The Orange Suitcase
The Orange Suitcase
by Joseph Riippi
Ampersand Books, 2011
92 pages / $14.95 Buy from Ampersand Books
Memories prop us up like skeletons. Each one exists autonomously, with its own root and biology, but put them together and you’ve got an emotional skeleton, something that helps shape who we are and the way we interact with the world around us. Over the course of the 34 short stories that fill The Orange Suitcase, author Joseph Riippi shines an x-ray on himself and examines a series of bone-like memories that are brief reflections on the formative experiences that make up his own skeleton.
October 11th, 2011 / 12:00 pm
I Like J. Bradley A Lot
J. Bradley is a poet and fiction writer who wears many different hats. He is the author of two excellent books—Dodging Traffic (Ampersand Books 2009) and The Serial Rapist Sitting Behind You is a Robot (Safety Third Enterprises 2010), a slam master for the Orlando Poetry Slam, and the Interviews Editor for PANK. If I were to use one word to describe J. Bradley’s writing, it would be sharp, like a knife. The word “edgy” is often overused when discussing writing but that term is appropriate when talking about J. Bradley’s work. He is often profane and downright inappropriate and yet, his stories and poems are compelling, sometimes funny, and sometimes they’ll tear your heart out of your chest. He’s not writings thing like, “”I’m gonna fuck you so hard, you’re gonna have Down’s Syndrome,” just to be outrageous. There’s always a purpose to the profanity, a method to the madness. When I read Bradley’s writing, I cannot help but think, “Who is this man who dares to go there?”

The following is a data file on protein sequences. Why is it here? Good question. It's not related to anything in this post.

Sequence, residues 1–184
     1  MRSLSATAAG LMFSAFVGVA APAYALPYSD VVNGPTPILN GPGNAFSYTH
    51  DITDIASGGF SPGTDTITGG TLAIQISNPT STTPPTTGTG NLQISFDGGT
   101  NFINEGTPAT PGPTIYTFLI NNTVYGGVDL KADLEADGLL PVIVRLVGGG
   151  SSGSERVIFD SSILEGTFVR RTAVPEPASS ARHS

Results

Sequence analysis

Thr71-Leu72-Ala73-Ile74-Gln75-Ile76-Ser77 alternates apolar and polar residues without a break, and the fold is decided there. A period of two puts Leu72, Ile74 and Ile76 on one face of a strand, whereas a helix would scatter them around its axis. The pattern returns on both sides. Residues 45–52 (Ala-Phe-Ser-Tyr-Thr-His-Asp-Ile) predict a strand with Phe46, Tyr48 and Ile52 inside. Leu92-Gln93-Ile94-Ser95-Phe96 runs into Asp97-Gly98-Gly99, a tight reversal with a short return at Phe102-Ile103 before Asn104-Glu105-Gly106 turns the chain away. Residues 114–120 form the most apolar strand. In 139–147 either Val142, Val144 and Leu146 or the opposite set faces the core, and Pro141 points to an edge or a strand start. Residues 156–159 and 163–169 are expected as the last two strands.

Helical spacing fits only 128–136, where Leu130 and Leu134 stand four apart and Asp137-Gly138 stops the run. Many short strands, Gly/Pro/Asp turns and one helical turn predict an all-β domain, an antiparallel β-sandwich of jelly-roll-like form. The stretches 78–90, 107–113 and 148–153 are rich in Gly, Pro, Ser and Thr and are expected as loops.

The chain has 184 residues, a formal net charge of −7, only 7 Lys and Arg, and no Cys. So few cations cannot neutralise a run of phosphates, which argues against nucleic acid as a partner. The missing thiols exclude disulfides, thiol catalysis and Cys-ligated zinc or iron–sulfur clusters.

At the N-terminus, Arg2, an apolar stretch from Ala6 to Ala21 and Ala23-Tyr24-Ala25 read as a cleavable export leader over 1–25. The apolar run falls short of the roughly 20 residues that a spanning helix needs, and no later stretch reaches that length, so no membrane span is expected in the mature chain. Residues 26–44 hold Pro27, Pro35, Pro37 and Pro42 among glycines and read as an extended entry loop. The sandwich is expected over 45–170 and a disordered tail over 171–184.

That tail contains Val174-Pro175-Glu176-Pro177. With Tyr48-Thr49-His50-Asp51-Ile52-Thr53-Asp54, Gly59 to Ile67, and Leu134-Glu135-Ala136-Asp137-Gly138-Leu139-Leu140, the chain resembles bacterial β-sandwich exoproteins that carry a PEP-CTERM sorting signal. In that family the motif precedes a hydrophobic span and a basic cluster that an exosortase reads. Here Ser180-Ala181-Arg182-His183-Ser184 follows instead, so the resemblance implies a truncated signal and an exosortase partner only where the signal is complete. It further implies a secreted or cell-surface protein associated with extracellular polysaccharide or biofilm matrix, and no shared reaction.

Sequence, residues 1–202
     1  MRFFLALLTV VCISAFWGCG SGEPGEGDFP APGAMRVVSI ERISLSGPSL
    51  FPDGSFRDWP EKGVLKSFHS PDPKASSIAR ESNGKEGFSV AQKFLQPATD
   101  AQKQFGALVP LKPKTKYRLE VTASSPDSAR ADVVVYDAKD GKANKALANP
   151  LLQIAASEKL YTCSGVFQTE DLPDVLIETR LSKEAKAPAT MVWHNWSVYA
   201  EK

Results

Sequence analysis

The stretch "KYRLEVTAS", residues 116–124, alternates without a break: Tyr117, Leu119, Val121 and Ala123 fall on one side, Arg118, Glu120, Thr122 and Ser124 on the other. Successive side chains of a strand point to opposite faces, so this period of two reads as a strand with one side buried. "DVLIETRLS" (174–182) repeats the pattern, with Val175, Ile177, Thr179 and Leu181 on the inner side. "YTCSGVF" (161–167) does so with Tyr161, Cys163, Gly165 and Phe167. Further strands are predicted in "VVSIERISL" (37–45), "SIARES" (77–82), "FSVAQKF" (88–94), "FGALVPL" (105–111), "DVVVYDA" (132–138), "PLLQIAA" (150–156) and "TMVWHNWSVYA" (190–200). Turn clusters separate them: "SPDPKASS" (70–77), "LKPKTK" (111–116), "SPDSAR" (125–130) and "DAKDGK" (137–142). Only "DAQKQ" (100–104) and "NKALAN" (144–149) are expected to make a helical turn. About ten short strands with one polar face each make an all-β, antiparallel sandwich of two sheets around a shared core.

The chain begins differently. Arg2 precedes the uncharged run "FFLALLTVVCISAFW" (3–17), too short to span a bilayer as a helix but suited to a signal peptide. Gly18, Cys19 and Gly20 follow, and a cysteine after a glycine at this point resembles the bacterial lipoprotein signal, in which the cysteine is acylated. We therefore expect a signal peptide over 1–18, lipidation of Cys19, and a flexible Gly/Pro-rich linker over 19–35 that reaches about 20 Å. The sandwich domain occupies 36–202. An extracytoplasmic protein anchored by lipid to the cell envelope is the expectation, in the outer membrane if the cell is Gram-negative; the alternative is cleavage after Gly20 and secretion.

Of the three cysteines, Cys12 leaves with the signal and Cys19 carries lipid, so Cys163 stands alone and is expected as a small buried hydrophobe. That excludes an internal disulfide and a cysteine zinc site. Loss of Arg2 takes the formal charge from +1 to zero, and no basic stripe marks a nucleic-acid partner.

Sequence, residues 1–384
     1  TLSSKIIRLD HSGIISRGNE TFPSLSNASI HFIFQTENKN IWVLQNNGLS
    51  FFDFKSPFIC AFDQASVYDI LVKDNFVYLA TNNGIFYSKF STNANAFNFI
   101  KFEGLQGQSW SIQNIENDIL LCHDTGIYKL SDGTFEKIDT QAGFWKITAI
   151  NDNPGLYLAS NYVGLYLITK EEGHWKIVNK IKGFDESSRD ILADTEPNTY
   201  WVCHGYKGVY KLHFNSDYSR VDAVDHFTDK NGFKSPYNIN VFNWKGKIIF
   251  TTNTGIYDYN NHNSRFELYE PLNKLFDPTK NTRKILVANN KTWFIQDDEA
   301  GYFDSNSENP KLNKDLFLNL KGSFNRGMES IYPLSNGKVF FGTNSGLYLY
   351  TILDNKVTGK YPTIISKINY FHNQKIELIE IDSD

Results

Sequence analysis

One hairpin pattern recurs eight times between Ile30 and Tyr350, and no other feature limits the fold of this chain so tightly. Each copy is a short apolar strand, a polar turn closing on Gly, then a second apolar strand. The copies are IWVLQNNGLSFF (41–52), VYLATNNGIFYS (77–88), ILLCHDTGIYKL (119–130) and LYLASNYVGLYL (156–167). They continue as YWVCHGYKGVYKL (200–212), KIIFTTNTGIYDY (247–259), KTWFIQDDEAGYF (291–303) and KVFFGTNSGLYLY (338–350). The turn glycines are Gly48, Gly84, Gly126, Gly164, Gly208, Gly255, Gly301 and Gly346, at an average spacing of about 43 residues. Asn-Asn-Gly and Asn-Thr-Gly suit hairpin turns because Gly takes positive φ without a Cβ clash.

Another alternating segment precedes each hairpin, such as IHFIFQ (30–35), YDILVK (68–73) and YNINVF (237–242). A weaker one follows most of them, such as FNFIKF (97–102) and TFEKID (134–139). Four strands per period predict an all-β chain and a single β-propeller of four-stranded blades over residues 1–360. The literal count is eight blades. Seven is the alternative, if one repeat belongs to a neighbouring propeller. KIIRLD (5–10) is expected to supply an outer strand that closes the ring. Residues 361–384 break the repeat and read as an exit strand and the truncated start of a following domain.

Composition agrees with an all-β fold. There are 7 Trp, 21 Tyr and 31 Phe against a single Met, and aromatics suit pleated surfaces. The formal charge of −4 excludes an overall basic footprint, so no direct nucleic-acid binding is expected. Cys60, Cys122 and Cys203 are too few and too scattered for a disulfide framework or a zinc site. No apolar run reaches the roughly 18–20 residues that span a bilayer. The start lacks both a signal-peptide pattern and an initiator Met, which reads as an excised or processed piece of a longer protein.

The Serial Rapist Sitting Behind You is a Robot is a curious little collection of words. Each story is unique but possessing Bradley’s distinct voice. He makes frequent use of analogy, forever comparing one thing to another in ways that are surprising or shocking or charming but always engaging. Whether writing about a boy with chainsaws for arms or a man’s wife’s girlfriend or a wedding ring forged into a bullet, each of the very small stories in this chapbook are strange but controlled and cool breaths of fresh air. Bradley’s wonderful stories offer the reader vivid snapshots you would not be able to see from the mind of any writer but J. Bradley. I loved his chapbook so much I thought I’d ask him a few questions about his writing, warped mind, and other literary endeavors.
September 9th, 2010 / 12:00 pm